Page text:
Lord Steel may lose his position as vice-president of the National Liberal Club though the name of Cyril Smith will remain on a plaque in the entrance, The Londoner understands.
The private members’ club “doesn’t have any plans” to remove the sex abuser’s name from the list of chairmen on a wooden plaque, but fallout from the scandal — and Lord Steel’s role in it — has caused some members to question Lord Steel’s involvement in the club. The former Liberal leader quit the Lib Dems and withdrew from the Lords on Tuesday after being criticised by the inquiry into child sexual abuse for failing to pass on allegations that Smith was a child abuser because it was “past history”.
Speaking to The Londoner, chair Rupert Morris and deputy chair Tim McNally said: “It will be up to our members to decide whether they wish Sir David Steel to remain a vice-president of the club. Some members have raised it already.”
Morris and McNally said they were keen to preserve history. “We don’t plan on removing the names from the hallway because that’s history. It is a list of who was a president of the National Liberal Club,” they said, adding: “We took down a picture of Cyril Smith about ten years ago... we have a reputation as a club.”
Lord Steel recently told the inquiry: “These allegations all related to a period some years before he was even an MP and before he was even a member of the party, therefore it did not seem to me that I had any position in the matter at all. As far as I was concerned it was past history,” he added.
Morris and McNally told The Londoner that in the club’s Smoking Room “we do have a picture up of David Steel because he was leader of the party and we have pictures up of all the leaders of the party”. But they also indicated this might be subject to review depending on members’ views.
Broadcaster James O’Brien started professional life as a thrusting young diarist with a bruising encounter with Sean Connery. At last night’s Parliamentary Book of the Year awards in Westminster, O’Brien, who won an award for his book How to be Right, told us how, in desperation for story from Connery, he asked him whether he was jealous he never got to play Macbeth. “He stops dead and he comes stalking back down the corridor and he leans in and and he hits me on the nose — hard enough to make my eyes water — and he goes, ‘I played the part before you were born. Do your f***ing homework, sonny.’”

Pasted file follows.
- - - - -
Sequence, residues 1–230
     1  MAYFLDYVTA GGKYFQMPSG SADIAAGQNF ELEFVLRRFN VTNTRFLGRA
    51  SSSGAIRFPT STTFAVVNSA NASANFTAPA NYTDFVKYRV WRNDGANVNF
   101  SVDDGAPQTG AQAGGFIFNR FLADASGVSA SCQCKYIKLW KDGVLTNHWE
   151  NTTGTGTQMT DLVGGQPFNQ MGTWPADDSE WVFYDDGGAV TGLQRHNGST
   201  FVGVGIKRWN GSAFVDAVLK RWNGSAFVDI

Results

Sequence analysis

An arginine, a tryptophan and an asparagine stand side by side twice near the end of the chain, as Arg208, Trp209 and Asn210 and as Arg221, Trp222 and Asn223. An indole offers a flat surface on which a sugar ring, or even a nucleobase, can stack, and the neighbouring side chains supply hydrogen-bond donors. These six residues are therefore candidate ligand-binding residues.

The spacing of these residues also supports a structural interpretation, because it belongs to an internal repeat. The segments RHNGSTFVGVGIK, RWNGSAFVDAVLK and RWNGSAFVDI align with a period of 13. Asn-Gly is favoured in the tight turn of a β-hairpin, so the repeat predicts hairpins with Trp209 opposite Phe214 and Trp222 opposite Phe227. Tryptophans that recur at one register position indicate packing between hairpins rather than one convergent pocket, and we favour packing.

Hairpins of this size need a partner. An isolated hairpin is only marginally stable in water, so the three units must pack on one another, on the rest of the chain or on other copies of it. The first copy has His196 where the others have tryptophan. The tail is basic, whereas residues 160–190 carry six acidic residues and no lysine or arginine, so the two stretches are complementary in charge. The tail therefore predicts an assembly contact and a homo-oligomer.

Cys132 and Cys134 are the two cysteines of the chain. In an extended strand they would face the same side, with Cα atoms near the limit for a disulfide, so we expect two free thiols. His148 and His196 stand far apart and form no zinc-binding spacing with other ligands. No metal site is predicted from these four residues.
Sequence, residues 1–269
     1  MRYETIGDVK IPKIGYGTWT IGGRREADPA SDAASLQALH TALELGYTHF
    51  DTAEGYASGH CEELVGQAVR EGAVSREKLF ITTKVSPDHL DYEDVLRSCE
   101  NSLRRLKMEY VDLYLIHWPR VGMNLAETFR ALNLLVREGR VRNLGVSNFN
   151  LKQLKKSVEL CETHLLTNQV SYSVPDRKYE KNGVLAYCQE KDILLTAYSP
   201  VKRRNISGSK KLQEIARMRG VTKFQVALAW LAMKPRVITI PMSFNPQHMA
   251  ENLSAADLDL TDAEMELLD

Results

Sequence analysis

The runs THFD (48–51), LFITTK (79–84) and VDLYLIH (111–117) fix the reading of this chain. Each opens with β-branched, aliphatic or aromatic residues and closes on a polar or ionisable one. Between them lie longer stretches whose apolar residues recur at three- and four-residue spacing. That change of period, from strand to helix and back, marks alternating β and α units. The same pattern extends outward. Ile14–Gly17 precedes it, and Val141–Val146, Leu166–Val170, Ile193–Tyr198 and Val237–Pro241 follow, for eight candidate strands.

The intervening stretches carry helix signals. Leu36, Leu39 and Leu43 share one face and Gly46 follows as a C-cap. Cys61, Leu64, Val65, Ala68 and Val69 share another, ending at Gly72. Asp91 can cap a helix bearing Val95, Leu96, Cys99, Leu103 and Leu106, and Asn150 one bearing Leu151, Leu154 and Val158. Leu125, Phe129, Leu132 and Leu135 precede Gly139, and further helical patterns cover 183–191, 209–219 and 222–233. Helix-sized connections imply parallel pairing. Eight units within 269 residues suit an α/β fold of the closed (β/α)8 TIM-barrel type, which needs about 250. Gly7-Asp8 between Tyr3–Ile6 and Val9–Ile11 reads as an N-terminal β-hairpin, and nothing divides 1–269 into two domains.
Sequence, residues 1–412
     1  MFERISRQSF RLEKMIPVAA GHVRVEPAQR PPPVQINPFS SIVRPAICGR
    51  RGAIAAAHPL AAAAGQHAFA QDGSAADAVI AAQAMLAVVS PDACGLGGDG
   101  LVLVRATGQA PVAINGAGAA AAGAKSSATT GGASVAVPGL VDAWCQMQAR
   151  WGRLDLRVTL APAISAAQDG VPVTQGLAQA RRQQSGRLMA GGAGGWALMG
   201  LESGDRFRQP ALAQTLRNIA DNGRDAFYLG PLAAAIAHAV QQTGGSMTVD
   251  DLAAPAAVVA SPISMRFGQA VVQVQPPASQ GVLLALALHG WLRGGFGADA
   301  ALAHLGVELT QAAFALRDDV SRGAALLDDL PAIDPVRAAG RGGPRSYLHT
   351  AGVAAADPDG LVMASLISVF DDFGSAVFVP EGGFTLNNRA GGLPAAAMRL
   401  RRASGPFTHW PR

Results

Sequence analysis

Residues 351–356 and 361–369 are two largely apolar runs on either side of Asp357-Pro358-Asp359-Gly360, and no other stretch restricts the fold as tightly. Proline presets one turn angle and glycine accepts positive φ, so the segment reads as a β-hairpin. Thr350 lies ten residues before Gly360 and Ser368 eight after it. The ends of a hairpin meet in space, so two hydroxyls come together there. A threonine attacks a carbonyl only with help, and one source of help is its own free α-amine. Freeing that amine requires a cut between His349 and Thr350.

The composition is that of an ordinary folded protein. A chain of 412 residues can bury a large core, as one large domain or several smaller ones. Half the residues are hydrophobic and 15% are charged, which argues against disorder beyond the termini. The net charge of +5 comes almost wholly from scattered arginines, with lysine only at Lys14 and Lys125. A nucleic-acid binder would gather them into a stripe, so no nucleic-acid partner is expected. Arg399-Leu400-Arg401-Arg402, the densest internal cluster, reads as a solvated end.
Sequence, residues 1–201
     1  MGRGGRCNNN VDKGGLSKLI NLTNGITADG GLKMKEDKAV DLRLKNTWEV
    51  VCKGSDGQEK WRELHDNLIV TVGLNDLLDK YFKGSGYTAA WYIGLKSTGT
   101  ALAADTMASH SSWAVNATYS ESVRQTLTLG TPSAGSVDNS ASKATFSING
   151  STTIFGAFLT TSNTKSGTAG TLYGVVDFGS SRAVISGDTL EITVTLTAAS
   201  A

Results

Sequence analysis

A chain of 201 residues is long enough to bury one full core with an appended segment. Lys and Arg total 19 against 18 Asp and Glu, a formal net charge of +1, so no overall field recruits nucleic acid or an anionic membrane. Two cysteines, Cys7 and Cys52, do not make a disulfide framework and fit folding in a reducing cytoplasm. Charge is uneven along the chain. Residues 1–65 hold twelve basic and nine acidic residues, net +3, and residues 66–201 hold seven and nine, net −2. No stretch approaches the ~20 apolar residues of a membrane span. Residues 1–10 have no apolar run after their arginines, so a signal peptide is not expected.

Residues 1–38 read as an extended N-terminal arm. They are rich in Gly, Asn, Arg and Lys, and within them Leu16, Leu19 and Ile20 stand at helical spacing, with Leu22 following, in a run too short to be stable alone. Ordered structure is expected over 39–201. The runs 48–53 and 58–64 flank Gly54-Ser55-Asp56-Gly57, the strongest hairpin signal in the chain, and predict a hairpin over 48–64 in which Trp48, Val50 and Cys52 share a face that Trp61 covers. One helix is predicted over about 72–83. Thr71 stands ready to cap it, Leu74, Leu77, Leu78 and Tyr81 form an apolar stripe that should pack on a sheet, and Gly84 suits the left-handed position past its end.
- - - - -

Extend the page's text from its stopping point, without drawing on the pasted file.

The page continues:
Bake Off’s Prue Leith has seen her fair share of culinary fads but one still hasn’t caught on. “I made the mistake of saying I thought insects might help feed the world,” Leith writes in The Spectator, explaining: “now my post is full of mealworm powder and cricket flour and invitations to champion bug farms.”
Toby Young launched his Free Speech Union last night with a defence of a Twitter trolling victim. “I’d like you all to welcome our newest member,” he said, packet of Yorkshire Tea in hand. Young was joined by Jacob Rees-Mogg who told us: “I’m all in favour of free speech and always have been.” Does this mean a return to the airwaves?
Amber's walkies on the wild side
It was two legs good, four legs better at George Club in Mayfair last night for the launch of the club’s Charitable Dogs Committee.
The Le Bons — Amber and her mother Yasmin — were there with their pug Luigi, one of the family’s three hounds. They opted against bringing Willow, the French bulldog who, Amber told The Londoner, is “like a tank”, explaining: “Everyone brings their well-behaved dogs.” Indeed, there was only a smattering of yapping as Nikki Tibbles of the Wild at Heart charity gave a speech. The Londoner even spotted one pooch calmly perched on its owner’s shoulders, like a quadruped parrot. Footballer Lee Dixon, an ambassador for the charity, said he was enjoying “the mayhem” but told us he didn’t bring his dog Ziggy. “If he’d have been here it would have been a little bit too much excitement… I counted 40 at the last count, there’s more dogs than humans.”
Over at the Coliseum, another former footballer, David James, made the press night of Madam Butterfly.
Iain Duncan Smith is worried about Dominic Cummings. At the launch of a book on ex-shadow chancellor Peter Shore, he told the audience: “It ill behoves me to tell the Labour Party what to do — after all, we’ve got Dominic Cummings.” The former Tory leader added: “All I can say is that [leadership is] not what it’s cracked up to be. Trust me, I’ve done it.” Best to forget that episode.
Florence Eshalomi turns DJ tonight for an LGBT fundraiser at the Royal Vauxhall Tavern. “My dancefloor fillers include Like a Virgin by Madonna”, the Labour MP tells us. “And to finish off… Things Can Only Get Better by D:Ream.”
Ex-Labour MP Michael Dugher, who is leaving UK Music to become CEO of the Betting and Gaming Council, drew rare cross-party support at his farewell bash. “An eclectic turnout”, he told us, “Thérèse Coffey and Angie Rayner. Scottish Nationalists and the DUP.” Up next, Middle East peace?
Harry ditches the meat with the title
When the Duke of Sussex spoke in Edinburgh yesterday, the catering was fit for a prince… or a Harry. Our most successful post-Brexit export spoke at the Travalyst sustainable tourism conference, where guests enjoyed vegan fare from a local caterer that included butternut squash and a paneer option for dairy diets. Just the sort of thing you’d find in a Californian yoga retreat. A nod to Meghan, maybe? The Londoner enjoyed the meal, but was disappointed there wasn’t an Irn Bru or a Tunnocks Teacake in sight.
Quote of the day
'It was an interview for women watching around the world'
Emily Maitlis, who picked up an award last night for her Prince Andrew interview, says the piece "wasn't about the royal".